Gerry Harvey, executive chairman of Harvey Norman, is a prick.
Complaining about their shops’ trading difficulties in Ireland, Harvey had this to say: just imagine you opened in Ireland; you’d want to go and cut your throat. The potato famine, someone said, the return of the potato famine in Ireland
What a prick. How dare he compare the troubles of his sofa shop with the greatest catastrophe this land has ever known?
Does this fool know what he’s talking about? Would he go to Israel and compare his trading downturn to a Holocaust?
There was no potato famine in Ireland.
There was simply a Famine.
(Pic by C’est la Craic)
The term “potato famine” is a calculated insult to the million people who died of starvation in this country between 1841 and 1851. It’s also a calculated insult to the millions who suffered and died in the coffin ships to America, trying to escape the desolation. It’s an insult to the countless millions all over the world who are descended from the survivors of the greatest mass exodus in our history.
The fact that the people were dependent on a single crop for survival was not of their making. It was a direct result of incompetent, callous government from London. It was a result of endless greed on the part of those British aristocratic landlords who claimed this country as their own and who ruthlessly drove the small Irish farmers to abject poverty as they wrung every last penny of rent from them.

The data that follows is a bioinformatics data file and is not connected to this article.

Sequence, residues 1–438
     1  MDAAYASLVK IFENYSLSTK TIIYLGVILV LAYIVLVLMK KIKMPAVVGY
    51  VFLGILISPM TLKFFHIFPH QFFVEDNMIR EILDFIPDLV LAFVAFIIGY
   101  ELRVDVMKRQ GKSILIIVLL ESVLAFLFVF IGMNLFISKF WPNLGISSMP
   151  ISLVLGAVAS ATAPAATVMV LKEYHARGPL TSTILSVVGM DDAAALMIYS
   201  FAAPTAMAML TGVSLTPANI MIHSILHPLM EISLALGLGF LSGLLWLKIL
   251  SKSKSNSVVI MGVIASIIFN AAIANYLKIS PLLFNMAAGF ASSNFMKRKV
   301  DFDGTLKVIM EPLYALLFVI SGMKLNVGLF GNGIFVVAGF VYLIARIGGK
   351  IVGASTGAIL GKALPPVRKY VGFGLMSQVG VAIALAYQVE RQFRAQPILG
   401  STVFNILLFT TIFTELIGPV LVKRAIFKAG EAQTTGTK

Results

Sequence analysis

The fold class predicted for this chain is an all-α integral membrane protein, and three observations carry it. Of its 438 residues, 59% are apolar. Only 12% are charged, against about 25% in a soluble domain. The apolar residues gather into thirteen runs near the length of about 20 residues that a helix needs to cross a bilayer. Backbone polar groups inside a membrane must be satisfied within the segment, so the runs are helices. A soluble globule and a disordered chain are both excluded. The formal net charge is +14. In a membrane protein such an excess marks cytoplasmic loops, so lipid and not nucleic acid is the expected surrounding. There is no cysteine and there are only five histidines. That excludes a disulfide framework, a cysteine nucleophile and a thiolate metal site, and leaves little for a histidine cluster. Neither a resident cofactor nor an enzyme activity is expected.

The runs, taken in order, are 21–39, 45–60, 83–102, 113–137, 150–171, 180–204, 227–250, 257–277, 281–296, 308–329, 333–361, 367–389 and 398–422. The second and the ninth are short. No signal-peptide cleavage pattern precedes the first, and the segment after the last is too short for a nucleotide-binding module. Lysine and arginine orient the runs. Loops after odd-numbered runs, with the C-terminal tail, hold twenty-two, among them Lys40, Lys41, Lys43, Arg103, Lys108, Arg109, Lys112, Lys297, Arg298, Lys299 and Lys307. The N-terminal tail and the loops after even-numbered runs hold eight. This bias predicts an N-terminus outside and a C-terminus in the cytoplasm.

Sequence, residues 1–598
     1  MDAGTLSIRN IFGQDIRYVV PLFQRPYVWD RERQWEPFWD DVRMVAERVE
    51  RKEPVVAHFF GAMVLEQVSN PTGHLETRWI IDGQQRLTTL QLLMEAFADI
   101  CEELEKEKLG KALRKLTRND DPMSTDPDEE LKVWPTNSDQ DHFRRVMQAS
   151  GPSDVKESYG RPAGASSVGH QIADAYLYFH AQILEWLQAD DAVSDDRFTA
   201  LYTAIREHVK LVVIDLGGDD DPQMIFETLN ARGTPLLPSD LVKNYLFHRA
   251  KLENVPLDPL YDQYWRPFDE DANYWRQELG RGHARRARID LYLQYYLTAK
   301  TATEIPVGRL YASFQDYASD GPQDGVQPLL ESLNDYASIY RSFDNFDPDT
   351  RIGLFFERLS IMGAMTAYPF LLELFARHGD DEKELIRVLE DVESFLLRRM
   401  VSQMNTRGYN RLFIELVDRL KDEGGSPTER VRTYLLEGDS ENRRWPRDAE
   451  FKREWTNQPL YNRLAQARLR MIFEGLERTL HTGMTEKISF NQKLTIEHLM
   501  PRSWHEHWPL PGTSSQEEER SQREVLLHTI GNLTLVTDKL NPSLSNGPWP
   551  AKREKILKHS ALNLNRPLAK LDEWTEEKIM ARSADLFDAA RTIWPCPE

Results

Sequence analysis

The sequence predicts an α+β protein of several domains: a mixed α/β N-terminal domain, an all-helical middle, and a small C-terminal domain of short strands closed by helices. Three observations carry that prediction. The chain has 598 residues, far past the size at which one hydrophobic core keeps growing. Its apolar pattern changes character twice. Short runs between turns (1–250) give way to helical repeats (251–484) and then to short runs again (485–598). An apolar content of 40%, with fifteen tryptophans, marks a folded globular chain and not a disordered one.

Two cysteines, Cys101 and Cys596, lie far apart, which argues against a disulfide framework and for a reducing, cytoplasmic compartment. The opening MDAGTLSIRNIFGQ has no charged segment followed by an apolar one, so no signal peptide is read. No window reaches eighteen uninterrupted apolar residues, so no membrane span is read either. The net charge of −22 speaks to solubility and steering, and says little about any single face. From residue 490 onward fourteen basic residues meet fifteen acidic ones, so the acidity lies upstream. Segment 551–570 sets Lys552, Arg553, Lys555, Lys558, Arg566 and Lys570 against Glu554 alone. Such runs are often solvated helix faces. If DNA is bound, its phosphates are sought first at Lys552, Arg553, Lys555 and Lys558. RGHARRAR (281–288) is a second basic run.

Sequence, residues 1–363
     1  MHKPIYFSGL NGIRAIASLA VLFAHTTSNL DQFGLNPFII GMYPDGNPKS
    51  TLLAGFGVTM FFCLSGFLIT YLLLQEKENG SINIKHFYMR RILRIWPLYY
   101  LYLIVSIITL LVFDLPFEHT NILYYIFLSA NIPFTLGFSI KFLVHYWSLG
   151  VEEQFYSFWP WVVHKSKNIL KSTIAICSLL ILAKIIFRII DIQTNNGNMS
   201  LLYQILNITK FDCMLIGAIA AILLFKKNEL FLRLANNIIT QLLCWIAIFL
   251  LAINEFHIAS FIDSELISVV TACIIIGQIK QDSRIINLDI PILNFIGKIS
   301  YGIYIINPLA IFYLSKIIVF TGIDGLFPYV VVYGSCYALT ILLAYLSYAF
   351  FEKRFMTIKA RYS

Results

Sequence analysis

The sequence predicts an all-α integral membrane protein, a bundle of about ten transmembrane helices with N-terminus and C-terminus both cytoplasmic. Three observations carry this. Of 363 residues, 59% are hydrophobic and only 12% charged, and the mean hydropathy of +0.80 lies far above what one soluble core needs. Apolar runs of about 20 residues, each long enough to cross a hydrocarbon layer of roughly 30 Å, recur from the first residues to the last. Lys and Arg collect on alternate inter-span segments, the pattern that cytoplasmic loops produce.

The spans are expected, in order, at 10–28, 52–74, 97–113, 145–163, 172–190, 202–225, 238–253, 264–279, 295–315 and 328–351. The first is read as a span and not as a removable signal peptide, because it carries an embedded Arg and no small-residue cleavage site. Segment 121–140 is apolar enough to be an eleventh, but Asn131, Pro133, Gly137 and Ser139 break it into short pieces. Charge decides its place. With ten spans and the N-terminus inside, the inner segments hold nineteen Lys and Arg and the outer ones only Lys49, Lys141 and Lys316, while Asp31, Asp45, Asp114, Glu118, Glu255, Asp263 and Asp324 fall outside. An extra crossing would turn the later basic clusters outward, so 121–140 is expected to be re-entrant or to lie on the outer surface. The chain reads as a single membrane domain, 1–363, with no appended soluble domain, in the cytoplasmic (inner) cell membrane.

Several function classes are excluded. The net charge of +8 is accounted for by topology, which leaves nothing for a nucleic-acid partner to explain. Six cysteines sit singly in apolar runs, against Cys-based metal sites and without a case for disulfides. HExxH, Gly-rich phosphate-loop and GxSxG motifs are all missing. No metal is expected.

For some landlords, the catastrophe was a blessing. A means of driving smallholders off their land and into the grave or the emigrant ship.
It was an obscenity, and this prick, Gerry Harvey, ought to be ashamed of himself for likening the troubles of his sofa shop to such a calamity.
If you doubt the scale of the disaster, look at this table. These are the population figures for England and Ireland between 1831 and 1911. Look at the direction taken by the population figures for England and Wales from the start of the Great Famine in 1841. Compare them to what happened in Ireland.
|England & Wales (million)||Ireland
|Ireland as percentage of total||Ireland compared to England and Wales (%)|
Now, you might be aware that the rapacity of English absentee landlords in Ireland gave rise to a new concept which has since swept the world.
In 1880, when he raised rents and evicted poor tenants from their land, the estate agent of a British absentee landlord was left totally isolated by the refusal of farm workers, shopkeepers, businessmen and even the postman, to deal with him. He was ostracised and ultimately made helpless by his complete exclusion from society.
His name? Captain Charles Boycott.
I wonder how Gerry Harvey would feel if Australian and New Zealand descendants of Irish people were to boycott his shops?